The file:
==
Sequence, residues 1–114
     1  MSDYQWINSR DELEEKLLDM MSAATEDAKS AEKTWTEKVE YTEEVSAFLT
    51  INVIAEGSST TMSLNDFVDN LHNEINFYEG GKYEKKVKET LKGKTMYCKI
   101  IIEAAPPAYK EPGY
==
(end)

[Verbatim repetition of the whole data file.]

Sequence, residues 1–114
     1  MSDYQWINSR DELEEKLLDM MSAATEDAKS AEKTWTEKVE YTEEVSAFLT
    51  INVIAEGSST TMSLNDFVDN LHNEINFYEG GKYEKKVKET LKGKTMYCKI
   101  IIEAAPPAYK EPGY